The waffled area is the beard. It has less crossovers because I am working by filling a greater number of holes adjacent to each other, although still jumping around. I still stagger, but less frequently.

Loopgram: Waffling

I haven't posted on White Tiger Beauty for a while - not because I haven't been working on him - I have! But as usual, I have spent some time reverse hooking. I posted previously on developing a technique to achieve a pointillism effect in the ears and on the nose, a technique which I have decided to call "pearling" , dots of color randomly hooked on the linen to look like beads of wool. I've come up with a similar technique I'm calling "waffling".

When I moved down the sides of the piece and began hooking the long hair extending from the face, I initially did so in straight lines as we have been taught to do, with no crossovers on the back of the linen. Good girl technique, like this:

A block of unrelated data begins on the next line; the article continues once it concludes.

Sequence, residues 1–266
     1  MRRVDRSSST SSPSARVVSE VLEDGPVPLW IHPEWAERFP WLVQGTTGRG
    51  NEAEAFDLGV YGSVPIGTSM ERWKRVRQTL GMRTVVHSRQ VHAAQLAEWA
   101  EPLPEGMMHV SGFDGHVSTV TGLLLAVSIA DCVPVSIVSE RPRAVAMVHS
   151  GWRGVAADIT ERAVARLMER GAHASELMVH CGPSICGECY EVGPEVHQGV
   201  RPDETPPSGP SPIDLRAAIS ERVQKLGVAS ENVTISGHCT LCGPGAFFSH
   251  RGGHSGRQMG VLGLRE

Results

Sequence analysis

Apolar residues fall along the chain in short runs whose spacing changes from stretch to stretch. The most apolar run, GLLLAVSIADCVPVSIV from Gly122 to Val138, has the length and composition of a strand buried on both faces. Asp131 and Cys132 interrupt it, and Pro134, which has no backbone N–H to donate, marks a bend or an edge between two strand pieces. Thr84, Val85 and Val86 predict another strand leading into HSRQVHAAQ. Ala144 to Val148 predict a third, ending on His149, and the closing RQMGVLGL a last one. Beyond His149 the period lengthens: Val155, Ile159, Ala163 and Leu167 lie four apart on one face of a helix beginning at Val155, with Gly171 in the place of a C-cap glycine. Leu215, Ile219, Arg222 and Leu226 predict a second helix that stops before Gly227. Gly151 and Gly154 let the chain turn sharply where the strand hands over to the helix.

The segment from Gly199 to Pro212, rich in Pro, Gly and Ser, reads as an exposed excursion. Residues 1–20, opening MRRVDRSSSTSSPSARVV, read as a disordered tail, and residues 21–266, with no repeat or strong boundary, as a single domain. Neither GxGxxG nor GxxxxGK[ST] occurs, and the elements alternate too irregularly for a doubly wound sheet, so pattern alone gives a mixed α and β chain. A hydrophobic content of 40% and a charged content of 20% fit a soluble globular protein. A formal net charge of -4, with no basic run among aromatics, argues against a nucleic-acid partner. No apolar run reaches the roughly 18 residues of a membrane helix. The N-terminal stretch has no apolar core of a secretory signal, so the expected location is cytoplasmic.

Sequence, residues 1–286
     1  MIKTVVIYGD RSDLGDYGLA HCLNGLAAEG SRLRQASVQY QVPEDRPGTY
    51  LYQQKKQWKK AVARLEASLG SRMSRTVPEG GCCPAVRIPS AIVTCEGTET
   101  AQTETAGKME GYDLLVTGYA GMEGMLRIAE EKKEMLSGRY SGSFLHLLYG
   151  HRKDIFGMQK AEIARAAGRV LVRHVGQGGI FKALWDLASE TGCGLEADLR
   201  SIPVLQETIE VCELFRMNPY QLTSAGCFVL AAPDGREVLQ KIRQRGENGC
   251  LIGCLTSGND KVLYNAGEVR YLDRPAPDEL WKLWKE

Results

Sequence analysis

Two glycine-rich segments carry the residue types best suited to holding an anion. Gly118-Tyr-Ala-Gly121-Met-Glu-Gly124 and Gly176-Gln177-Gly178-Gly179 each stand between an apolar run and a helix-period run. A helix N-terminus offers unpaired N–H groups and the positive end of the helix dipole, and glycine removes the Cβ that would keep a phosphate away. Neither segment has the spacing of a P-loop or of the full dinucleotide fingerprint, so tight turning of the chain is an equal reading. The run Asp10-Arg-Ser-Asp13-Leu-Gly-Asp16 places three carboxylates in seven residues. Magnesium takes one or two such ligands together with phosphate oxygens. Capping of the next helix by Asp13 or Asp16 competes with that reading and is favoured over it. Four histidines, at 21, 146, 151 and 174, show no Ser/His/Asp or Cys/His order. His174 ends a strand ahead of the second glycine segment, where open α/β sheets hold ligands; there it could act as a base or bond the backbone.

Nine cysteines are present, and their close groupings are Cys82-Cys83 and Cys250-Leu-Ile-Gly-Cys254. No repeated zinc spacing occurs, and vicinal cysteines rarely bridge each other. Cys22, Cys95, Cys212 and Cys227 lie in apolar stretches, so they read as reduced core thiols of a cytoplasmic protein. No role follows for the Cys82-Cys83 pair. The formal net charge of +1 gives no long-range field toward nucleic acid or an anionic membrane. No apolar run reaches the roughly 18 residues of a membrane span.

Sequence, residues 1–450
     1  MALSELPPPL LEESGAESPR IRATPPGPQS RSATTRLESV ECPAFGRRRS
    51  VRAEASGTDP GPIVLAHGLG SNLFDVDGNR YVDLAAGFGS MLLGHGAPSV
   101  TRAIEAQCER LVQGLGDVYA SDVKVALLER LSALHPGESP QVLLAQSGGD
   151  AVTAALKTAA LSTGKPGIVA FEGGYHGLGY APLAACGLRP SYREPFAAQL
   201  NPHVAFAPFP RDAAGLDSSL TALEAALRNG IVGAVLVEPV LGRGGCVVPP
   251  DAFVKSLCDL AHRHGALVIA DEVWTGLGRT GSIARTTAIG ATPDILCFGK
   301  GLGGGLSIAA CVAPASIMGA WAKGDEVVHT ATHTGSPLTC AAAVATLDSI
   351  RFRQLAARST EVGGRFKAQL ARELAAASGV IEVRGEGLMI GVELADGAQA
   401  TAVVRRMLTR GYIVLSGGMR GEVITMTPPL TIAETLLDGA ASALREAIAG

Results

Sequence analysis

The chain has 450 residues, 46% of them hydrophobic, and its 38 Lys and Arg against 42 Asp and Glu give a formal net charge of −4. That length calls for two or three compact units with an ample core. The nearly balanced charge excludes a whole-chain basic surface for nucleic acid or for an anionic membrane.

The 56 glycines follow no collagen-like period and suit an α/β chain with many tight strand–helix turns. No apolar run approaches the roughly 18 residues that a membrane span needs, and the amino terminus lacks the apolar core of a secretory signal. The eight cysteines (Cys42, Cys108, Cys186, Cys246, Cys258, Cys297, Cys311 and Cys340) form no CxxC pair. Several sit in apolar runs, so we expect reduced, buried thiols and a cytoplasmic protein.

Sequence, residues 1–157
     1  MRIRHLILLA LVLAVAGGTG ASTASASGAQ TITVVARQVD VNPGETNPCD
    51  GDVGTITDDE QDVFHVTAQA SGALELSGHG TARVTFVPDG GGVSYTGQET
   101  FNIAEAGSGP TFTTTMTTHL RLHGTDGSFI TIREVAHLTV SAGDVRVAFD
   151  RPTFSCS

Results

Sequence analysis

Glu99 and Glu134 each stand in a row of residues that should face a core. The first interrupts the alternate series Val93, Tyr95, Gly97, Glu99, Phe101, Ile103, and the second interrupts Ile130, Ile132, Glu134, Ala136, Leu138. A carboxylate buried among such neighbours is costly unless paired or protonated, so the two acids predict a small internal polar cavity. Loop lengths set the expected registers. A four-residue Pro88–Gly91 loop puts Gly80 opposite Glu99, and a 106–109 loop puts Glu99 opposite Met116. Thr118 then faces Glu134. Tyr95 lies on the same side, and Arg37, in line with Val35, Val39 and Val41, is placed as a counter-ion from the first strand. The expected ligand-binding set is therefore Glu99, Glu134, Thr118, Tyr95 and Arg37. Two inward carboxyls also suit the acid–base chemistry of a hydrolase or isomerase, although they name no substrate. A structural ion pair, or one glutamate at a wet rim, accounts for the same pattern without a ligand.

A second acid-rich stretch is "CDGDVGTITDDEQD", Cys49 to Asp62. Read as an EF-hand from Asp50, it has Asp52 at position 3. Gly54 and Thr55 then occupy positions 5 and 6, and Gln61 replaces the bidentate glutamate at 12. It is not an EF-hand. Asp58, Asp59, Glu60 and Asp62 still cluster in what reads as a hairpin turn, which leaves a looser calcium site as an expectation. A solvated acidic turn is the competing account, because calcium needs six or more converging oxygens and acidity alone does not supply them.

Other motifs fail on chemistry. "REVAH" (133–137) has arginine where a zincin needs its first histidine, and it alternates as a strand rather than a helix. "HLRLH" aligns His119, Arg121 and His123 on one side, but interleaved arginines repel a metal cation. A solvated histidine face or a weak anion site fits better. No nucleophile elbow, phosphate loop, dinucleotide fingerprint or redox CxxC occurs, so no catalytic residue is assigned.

Then a few nights ago I got into the bad girl mode and started to rug hook randomly-shaped lines with quite a bit of jumping around. As I did this, I discovered that it looked great (but it does have crossovers on the back). It is a very different effect and one that I really prefer to all those straight lines. In fact, it is feeling a bit "abstract" to me. I am calling the technique "waffling" because you hook in random lines and fill between the lines as you go.

So I went back to the white chin hair that I had hooked straight, and I waffled the area. I went in with white in random rows, jumping around so the rows aren't straight. Then I went back in with other #1 values and hooked more random rows in between the white.

The result is impressionistic and quite vibrant. There is so much more life and movement than there was with the straight row hooking.